I am going to be using PostGIS 2 to create a lookup service. Given a point (lat/lon), I need to either find if a product can be distributed there, or b) a list of products or distributors.

I am assuming I'd create a table with some distributor-related columns, some product-related columns, and a geographical column for stating a geographical distribution area for that distributor-product pair.

There will be hundreds of distributors and thousands of products.

  • What is the most peformant way to accomplish this? Should I use a geography datatype? Would geohashing be a better approach?
  • What would the queries look like?
  • If you have implemented something similar, what gotchas have you experienced?
  • 1
    Are distributors and products fairly tightly linked? How complex are the distribution area descriptions? What format do you have the data in now?
    – BradHards
    Commented Nov 27, 2014 at 0:39
  • Not sure till I get a body of data, but a distributor doesn't necessarily offer all its products in only one area. The areas can get complex, including disparate regions. One may be national, another statewide, and a smaller can hit three different cities. Right now we have the data unsatisfactorily by zip codes.
    – alphadogg
    Commented Nov 27, 2014 at 1:27
  • I have attempted to answer your questions -- quite a lot to cover :D. Commented Nov 27, 2014 at 10:14

1 Answer 1


In general, there is more support for the geometry than the geography data type, see function comparison matrix. For your type of query, classic point in polygon, I think you can use the geometry datatype, setting the spatial reference ID (SRID) to 4326 (lat/lon). See, this thread on the difference between geography and geometry for more info.

The gist index applied to geometry/geography datatypes creates an extended R-tree, which is more efficient for point in polygon type searches than geohashing (which is essentially just a trick to squash 2-dimension into one, so it can be indexed using B-trees). R-trees work by making more or less equally balanced trees based on bounding boxes and generalize fine for areas of higher density (the boxes will just be smaller), so searching first works on minimum bounding rectangles to find potential candidates, before more expensive point in polygon calculations are performed.

So, presumably for normalization purposes, and to support many to many product/supplier relationships, you would want to have a products table, a productID, supplierID table and a supplier table, with supplierID and the geometry/geography or that supplier's area. The supplier table would look something like,

CREATE TABLE suppliers (id serial primary key, geom geometry (geometry, 4326));

Note the contraint on geom column, setting the type to geometry and the SRID to 4326. If you know you are only going to have Polygons or Multipolygons, you could further restrict this, to prevent Points or Linestrings being inserted, while geometry will take any geometric type.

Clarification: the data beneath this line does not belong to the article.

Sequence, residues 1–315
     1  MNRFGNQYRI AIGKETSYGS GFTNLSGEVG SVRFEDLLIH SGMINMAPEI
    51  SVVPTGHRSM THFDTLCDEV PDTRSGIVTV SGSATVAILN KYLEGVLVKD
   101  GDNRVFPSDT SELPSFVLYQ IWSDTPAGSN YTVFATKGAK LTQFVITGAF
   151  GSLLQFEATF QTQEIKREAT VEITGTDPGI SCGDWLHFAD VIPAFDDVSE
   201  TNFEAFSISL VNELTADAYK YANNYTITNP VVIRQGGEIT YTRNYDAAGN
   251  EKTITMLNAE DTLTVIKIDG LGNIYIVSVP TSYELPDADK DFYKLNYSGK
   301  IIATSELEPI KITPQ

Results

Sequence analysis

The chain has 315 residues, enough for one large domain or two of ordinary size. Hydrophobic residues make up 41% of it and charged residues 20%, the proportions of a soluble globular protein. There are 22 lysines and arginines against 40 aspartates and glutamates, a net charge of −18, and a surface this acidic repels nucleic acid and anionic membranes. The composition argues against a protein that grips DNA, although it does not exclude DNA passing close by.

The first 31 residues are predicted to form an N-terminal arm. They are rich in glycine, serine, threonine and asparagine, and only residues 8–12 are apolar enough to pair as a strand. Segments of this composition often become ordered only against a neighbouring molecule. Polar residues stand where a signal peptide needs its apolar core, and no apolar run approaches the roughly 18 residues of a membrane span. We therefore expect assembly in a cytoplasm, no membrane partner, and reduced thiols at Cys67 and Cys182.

Then you want to add the spatial index,

CREATE INDEX ix_spatial_suppliers_geom ON suppliers USING gist (geom);

Obviously, you can call the index what you want -- I tend to use ix_spatial_table_column.

To find if a product can be distributed in an area, you would make use of the ST_Contains function, which test if one geometry (your point) is inside another (your supplier area), eg,

SELECT productID, sp.supplierID 
   products_suppliers sp 
   suppliers supl on sp.supplierID = supl.supplierID
WHERE ST_Contains(supl.geom, ST_SetSrid(ST_MakePoint(lon, lat), 4326));

which will return a list of product and supplier, based on a supplier's delivery region. To find if a specific product can be distributed, you would add an and clause to the where. If there were multiple suppliers for a given product, based on a user's location, you could make use the ST_Distance function, or for more accuracy ST_Distance_Spheroid between the user's location and the supplier's location in an ORDER BY, but this is going beyond what you originally asked.

As for gotchas, I can't think of any. Postgres/GIS queries of this type scale to the hundreds of millions of rows, and the supplier/product lists are presumably reasonably static, ie, this will be mostly read.

  • Thank you. I have been reading the PostGIS book from Manning, and basically came up generally with what you have said above, so thank you for confirming my initial direction with more details. The only difference is that if product areas change as a function of product vs supplier, then I will drop the geom column into product_supplier.
    – alphadogg
    Commented Nov 27, 2014 at 17:02
  • 1
    You are very welcome. Yeah, sure, I figured from your SO profile that you would know how to set up your own table structure, to fit exact requirements :D. The Manning book is outstanding, the author , Regina Obe, can be found on irc #postgis. She is very good value. Commented Nov 27, 2014 at 17:15

Your Answer

By clicking “Post Your Answer”, you agree to our terms of service and acknowledge you have read our privacy policy.

Not the answer you're looking for? Browse other questions tagged or ask your own question.